Quantification and interpretation of the climate variability record

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Anna S von der Heydt , Peter Ashwin, Charles D. Camp, Michel Crucifix, Henk A Dijkstra, Peter Ditlevsen, Timothy M Lenton


This paper is currently in review for Global and Planetary Change. \\ The spectral view of variability is a compelling and adaptable tool for understanding variability of the climate. In the Mitchell (1976) seminal paper, it was used to express, on one graph with log scales, a very wide range of climate variations from millions of years to days. The spectral approach is particularly useful for suggesting causal links between forcing variability and climate response variability. However, (quasi-)periodic processes are also a natural part of the Earth system and a substantial degree of variability is intrinsic and responds to external forcing in a complex manner. There has been an enormous amount of work on understanding climate variability over the last decades. Hence in this paper, we address the question: Can we (after 40 years) update the Mitchell (1976) diagram in an essential way and provide it with a better interpretation? By reviewing both the extended observations available for such a diagram and new methodological developments in the study of the interaction between natural and forcing periodicity over a wide range of timescales, we give a positive answer to this question. In addition, we review alternative approaches to the spectral decomposition as in Mitchell and pose some challenges for a more detailed quantification of climate variability.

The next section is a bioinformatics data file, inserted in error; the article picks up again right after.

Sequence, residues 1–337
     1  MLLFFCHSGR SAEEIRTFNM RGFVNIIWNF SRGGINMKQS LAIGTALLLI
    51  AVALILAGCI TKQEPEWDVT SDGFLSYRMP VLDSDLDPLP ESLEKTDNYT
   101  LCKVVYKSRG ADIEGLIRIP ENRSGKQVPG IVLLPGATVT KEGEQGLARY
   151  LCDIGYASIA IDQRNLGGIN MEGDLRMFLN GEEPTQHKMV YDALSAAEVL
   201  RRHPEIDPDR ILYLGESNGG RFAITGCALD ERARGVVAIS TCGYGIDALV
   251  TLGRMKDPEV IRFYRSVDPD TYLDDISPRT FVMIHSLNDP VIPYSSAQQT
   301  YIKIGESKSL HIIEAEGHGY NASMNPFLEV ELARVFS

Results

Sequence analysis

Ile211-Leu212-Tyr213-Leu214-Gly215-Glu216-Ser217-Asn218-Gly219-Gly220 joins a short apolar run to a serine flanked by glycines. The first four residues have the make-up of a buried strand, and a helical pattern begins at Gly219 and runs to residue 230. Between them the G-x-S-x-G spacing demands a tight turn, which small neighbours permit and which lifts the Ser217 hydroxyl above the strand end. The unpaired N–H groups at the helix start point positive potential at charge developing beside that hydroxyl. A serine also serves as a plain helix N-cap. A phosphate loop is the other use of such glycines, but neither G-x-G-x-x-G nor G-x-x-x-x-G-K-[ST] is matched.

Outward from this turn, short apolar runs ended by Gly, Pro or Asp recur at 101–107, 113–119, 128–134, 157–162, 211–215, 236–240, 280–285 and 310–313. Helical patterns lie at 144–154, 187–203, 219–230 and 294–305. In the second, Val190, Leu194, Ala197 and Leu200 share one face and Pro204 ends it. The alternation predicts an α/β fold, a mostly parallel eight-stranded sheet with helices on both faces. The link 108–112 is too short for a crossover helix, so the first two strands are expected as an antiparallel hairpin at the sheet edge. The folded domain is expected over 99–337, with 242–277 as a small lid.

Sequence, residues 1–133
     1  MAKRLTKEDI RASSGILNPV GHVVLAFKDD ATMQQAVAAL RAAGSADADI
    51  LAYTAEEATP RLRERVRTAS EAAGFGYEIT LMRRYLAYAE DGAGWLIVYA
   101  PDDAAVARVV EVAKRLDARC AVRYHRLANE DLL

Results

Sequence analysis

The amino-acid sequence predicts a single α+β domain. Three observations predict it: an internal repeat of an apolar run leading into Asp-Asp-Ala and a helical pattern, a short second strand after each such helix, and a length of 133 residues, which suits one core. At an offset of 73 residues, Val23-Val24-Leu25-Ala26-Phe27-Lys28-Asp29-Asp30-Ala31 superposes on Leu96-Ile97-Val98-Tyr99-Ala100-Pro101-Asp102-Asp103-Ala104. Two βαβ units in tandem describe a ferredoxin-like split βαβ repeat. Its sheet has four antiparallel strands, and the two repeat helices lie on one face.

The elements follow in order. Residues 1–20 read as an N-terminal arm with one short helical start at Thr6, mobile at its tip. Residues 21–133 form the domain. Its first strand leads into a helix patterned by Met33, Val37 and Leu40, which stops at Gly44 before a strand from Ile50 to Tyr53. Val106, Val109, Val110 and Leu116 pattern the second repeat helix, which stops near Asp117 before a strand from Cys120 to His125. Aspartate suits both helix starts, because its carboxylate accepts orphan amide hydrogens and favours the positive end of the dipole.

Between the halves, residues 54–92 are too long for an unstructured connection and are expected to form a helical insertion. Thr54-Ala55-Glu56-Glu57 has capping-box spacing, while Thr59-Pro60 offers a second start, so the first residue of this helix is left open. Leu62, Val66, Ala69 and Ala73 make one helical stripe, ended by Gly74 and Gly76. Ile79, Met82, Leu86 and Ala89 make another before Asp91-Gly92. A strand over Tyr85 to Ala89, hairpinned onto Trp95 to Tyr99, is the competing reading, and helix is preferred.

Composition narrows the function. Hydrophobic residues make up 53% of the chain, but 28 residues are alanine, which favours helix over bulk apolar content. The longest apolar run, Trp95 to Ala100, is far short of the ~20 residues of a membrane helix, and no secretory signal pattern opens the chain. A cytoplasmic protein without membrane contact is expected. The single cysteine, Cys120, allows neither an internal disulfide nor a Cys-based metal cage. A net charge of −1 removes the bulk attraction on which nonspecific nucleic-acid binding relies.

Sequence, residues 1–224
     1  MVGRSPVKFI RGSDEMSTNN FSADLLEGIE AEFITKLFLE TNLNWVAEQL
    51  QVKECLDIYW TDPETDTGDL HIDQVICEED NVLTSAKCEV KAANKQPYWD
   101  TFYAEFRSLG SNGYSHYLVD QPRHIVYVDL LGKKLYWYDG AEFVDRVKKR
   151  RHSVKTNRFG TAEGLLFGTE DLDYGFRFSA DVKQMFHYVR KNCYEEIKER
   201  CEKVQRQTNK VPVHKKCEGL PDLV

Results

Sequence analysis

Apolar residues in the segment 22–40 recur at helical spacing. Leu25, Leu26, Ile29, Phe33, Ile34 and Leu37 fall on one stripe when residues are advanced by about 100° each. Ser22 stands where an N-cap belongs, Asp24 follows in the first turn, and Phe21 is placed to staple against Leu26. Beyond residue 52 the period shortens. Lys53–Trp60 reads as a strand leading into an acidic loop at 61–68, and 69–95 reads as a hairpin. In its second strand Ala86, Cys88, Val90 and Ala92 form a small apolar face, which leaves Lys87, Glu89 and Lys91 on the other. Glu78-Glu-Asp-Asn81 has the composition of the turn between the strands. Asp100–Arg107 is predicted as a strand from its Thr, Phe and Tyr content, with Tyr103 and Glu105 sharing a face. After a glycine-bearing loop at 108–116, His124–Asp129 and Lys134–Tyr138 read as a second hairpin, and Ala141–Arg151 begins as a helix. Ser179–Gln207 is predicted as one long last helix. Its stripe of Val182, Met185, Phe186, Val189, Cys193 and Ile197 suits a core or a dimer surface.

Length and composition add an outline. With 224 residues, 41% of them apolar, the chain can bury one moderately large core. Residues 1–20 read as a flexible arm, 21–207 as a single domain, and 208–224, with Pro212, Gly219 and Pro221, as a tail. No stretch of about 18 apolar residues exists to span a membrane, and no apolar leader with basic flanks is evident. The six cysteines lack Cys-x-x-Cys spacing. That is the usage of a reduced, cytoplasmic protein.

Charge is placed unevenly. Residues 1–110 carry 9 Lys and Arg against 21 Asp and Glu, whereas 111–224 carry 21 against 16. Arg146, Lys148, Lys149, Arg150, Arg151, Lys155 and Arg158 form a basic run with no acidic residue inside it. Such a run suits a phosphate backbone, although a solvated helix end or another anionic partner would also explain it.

Applied Mathematics, Earth Sciences, Oceanography and Atmospheric Sciences and Meteorology, Physical Sciences and Mathematics



Published: 2020-05-25 04:12


CC BY Attribution 4.0 International

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